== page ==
The most memorable thing that happened to me when playing Breach was dying. Destruction, especially if it leads to your death or the death of an enemy, is Breach's main hook, and it works rather well in its online-only environment. Flimsy shacks and wooden walls burst and crumble when damaged appropriately, which creates some satisfying ways to boost your kill count. I love luring enemies onto a bridge only send the whole thing smashing into the ground.

Breach is a bit of a one-trick pony in this respect, and nearly all of its attempts to capitalize on other first-person shooters' great ideas -Rainbow Six Vegas' third-person cover, Call of Duty's perk system, and even the Battlefield: Bad Company-esque destructibility - fail in some major way. Blowing up a bridge isn't so much useful as it is inconvenient, since it eliminates the fastest way across, say, two giant hills, and the too-sticky cover system often led me to an unnecessary death.

My largest concern is with the reward system: unlocking additional abilities and gear simply takes too long. I didn't feel like I'd made any progress until I'd scored enough 10-point kills to unlock my first 500-point rifle scope. However, this took nearly four hours because I couldn't earn kills as quick as I'd have liked.

Also disappointing are the rewards themselves. Few of them are worth their price - the Badass perk, which halves your energy but gives you double experience points, is certainly one of the weaker options - and the rest feel sort of phoned in. It's also aggravating to have to pay to throw grenades further when the grenade throwing mechanic feels unrealistically weak to begin with. Players shouldn't have to waste in-game XP to compensate for poor design.

Breach also has a handful of smaller issues that serve to undermine the experience further. For one, it's slow to the point where it ruins what could have been an intense experience. The visuals are so dark I had to crank the brightness on nighttime maps just to see what was going on. Finally, and most importantly, Breach is an incredibly limited multiplayer first-person shooter.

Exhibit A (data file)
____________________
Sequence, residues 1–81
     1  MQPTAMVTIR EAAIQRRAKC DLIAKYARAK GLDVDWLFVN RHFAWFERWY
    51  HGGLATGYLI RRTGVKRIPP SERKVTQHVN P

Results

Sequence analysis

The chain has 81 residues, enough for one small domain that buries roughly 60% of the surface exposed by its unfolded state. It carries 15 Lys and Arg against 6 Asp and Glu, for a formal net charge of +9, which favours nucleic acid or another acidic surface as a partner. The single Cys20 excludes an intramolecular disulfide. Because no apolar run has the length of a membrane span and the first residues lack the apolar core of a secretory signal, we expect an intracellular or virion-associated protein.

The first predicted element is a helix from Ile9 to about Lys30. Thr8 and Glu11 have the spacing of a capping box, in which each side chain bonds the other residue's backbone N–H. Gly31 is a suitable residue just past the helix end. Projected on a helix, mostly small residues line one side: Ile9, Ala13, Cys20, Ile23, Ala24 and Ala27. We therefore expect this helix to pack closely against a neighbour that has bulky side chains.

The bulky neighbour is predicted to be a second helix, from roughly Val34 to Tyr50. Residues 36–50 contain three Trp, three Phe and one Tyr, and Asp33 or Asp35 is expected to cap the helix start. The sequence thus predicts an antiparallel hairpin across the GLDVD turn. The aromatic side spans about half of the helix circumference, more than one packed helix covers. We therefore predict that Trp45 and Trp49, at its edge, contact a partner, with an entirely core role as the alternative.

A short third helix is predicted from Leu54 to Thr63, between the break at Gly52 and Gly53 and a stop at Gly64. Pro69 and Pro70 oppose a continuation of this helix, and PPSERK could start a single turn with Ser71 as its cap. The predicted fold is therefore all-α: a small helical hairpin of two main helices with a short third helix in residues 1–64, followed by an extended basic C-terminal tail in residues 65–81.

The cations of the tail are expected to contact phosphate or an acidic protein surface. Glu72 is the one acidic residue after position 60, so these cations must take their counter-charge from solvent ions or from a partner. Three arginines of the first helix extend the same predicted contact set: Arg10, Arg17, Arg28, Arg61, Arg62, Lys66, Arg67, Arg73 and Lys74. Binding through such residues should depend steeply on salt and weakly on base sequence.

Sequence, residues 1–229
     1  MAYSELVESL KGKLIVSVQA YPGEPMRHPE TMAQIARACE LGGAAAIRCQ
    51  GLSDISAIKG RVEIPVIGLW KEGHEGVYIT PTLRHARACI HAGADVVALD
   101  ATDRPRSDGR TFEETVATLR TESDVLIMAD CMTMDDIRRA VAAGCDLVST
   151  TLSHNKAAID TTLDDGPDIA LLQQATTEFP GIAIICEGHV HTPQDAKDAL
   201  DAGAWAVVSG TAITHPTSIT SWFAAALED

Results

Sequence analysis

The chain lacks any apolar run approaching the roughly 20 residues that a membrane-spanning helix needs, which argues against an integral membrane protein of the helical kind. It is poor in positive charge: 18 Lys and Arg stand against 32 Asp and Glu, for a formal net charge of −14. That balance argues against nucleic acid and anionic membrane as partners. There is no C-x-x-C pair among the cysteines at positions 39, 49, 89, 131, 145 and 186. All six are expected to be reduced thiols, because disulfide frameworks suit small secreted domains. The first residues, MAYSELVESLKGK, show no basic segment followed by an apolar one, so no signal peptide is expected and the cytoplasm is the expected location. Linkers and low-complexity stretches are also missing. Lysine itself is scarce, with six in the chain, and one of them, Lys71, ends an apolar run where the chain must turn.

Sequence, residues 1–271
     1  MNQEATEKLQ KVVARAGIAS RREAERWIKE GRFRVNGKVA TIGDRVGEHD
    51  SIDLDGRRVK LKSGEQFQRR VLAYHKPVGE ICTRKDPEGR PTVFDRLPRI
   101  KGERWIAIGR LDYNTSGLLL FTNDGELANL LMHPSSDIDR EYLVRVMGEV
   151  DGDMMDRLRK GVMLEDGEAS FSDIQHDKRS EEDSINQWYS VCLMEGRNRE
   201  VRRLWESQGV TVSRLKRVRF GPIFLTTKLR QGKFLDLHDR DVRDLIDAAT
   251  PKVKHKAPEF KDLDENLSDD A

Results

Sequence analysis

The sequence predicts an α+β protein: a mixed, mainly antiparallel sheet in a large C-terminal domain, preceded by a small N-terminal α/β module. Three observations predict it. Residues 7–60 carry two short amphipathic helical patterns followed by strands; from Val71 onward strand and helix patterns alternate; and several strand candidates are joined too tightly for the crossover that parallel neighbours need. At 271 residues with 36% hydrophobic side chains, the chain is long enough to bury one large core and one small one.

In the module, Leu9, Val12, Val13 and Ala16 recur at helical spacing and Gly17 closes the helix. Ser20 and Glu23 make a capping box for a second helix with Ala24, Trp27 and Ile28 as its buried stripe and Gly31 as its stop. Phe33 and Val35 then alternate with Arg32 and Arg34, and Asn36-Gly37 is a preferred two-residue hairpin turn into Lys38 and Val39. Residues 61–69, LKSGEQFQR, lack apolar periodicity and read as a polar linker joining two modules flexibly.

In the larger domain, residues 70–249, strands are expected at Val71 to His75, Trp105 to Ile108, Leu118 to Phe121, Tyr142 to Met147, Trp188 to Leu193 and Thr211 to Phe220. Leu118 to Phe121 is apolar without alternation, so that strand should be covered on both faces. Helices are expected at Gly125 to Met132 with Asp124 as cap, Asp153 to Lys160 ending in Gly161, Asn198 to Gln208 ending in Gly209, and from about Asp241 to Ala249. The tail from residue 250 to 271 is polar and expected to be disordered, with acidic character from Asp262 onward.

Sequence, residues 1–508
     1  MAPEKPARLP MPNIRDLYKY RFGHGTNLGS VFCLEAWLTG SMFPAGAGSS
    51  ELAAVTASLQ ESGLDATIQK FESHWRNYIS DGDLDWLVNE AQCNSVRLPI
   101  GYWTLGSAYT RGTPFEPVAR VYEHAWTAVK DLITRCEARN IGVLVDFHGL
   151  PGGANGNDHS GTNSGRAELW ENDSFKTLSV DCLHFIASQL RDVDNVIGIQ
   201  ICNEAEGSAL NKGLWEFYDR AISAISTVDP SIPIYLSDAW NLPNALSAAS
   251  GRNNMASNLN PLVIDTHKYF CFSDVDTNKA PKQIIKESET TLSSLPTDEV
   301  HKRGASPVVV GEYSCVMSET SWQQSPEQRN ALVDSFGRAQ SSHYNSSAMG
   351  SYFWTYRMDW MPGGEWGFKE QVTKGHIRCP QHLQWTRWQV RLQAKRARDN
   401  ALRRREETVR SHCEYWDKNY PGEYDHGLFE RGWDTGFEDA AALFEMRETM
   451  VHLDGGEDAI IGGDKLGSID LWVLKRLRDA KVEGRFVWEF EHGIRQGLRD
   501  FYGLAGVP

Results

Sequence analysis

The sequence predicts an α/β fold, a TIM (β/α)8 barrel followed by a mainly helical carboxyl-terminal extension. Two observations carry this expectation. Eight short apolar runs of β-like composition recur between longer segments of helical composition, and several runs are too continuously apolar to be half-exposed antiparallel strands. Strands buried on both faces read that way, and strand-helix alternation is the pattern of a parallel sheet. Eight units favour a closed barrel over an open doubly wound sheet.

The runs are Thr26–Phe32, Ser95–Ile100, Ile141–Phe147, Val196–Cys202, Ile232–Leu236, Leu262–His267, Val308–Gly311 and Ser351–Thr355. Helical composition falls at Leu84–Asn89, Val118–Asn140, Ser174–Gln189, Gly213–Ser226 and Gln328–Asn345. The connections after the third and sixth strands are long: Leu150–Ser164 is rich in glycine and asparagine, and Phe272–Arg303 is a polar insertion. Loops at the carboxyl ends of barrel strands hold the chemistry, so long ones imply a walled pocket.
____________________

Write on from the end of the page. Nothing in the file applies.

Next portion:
The match types are as typical as you'd expect - capture control points, kill everyone, etc. - with "Convoy" standing out as the main mode to play. However, if you want to fight your way across a map while escorting a vehicle, Red Dead Redemption and Team Fortress 2 already do it much better, so there's no real incentive to play Breach instead.

That's pretty much Breach's biggest problem: even if it's a cheaper Xbox Live alternative to more expensive, triple-A shooters, everything it does has been done better elsewhere. If it had contributed something new to the landscape I'd forgive its attempt at imitation, but its target audience already has immediate access to great games like Halo: Reach, Call Of Duty: Black Ops and Battlefield: Bad Company 2. With such a high standard of competition, is there any real incentive to aim so low.

Next page: Our expert verdict

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Breach: Specs

  • OS: Windows 7, Windows XP or Windows Vista
  • Processor: Core2 Duo 1.88Ghz or faster
  • Memory: 2 GB RAM
  • Graphics: Nvidia 8600 or better, GT240 or better or ATI HD 2600 or higher
  • DirectX®: 9.0c
  • Hard Drive: 1.6 GB
  • Sound: Any DirectX compatible card
  • Controller: Supports Keyboard/Mouse or Xbox 360 Controller.
  • OS: Windows 7, Windows XP or Windows Vista
  • Processor: Core2 Duo 1.88Ghz or faster
  • Memory: 2 GB RAM
  • Graphics: Nvidia 8600 or better, GT240 or better or ATI HD 2600 or higher
  • DirectX®: 9.0c
  • Hard Drive: 1.6 GB
  • Sound: Any DirectX compatible card
  • Controller: Supports Keyboard/Mouse or Xbox 360 Controller.

OUR VERDICT

Breach offers nothing new to a genre crowded with superior alternatives.

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